• Use your voice and your vote to transition your utility to clean power sources.  People that live in a place that uses low-carbon energy to make electricity automatically have smaller carbon footprints.
  •  If possible, generate your own low carbon electricity. The biggest electricity uses can be tackled with piecemeal investments: solar water heaters, solar or ground source heat pumps, and solar powered air conditioners.
  •  There are many ways to reduce energy use for electricity and heating. Some strategies use technology to reduce waste and some involve a change in habits. Take a look and see what works best for you.

Electricity use dominates the home carbon footprint, but it can be reduced dramatically by using a clean power source. The chart shows how the same 10,000 kilowatts of electricity results in very different carbon emissions, depending on the source of the power (red bars). You can also see how countries (blue bars) using coal, like India and Australia, have high carbon emissions, while countries using renewable energy, like Iceland and Sweden, have low emissions for the same amount of power.


Find out what mix your electricity is made from. If it is not renewable, lobby and vote for legislation to mandate that the utility switch to clean energy. If there is an option to pay for a "green rate" within your utility, make sure it goes towards expansion of renewable energy.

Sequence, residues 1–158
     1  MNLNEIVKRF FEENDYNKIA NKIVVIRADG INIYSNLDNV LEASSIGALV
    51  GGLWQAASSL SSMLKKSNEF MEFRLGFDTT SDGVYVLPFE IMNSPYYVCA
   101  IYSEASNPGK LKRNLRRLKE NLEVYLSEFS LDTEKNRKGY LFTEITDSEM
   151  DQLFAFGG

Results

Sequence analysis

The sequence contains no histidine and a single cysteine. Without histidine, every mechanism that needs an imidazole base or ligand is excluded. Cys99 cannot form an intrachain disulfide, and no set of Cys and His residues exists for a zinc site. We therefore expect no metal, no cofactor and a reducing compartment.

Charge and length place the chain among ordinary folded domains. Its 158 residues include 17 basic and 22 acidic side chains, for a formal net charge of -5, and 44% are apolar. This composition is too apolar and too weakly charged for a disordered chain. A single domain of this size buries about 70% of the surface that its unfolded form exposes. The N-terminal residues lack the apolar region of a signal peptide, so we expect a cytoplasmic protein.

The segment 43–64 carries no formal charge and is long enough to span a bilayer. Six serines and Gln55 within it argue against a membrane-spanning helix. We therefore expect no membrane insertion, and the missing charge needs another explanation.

You can also invest in producing your own renewable energy. This will most likely be solar, perhaps complemented by batteries. It is not all or nothing -- you can start with a solar hot water heater, a solar or ground source heat pump, or a solar-powered air conditioner.


How to increase efficiency with the power source you have.

Heating and Cooling  Temperature control is by far the biggest use. Program your thermostat to turn off when you are not home, when you are asleep, or not using part of the house. Try adjusting the setting one degree at a time. Can you still be comfortable? A sweater (for heating) or fans to move the air (for cooling) may be all you need. Fans don't use much electricity. A one degree change can cut electricity use by 10%.

Insulate your roof and walls and seal leaks. You can do some yourself: caulk gaps, plug holes with expanding foam, add foam strips to external doorways, or block unused chimneys. Clean your AC filters. Plant trees for shade.

Water Heating  Turn down your thermostat to 125 F. Do laundry in cold water. Buy a solar water heater - they pay for themselves.

Lighting  Switching to CFLs or LEDs cuts electricity used by lights by 80%. Change frequently used lights first. Buy the right fit, shape (to shine where you want), brightness (check a watts-lumens conversion table), warmth (usually 2,700 - 3,000 kelvins for home use). LEDs are dimmable and quick to warm up, but cost more than CFLs. Click for 90% rebates and information on buying LED and CFL bulbs in Hawaii

Refrigerator and Freezer  They are on all the time, make sure they are energy efficient models and not set too cold.

Laundry and Dishwashing  Do full loads on the coldest setting. Use a clothesline.

Electronics and Computers  5%-10% of household power is used by equipment in "stand by" mode. Turn everything off before you go to bed. Power strips make it easy to turn several things off at once. When replacing electronics, consider the wattage.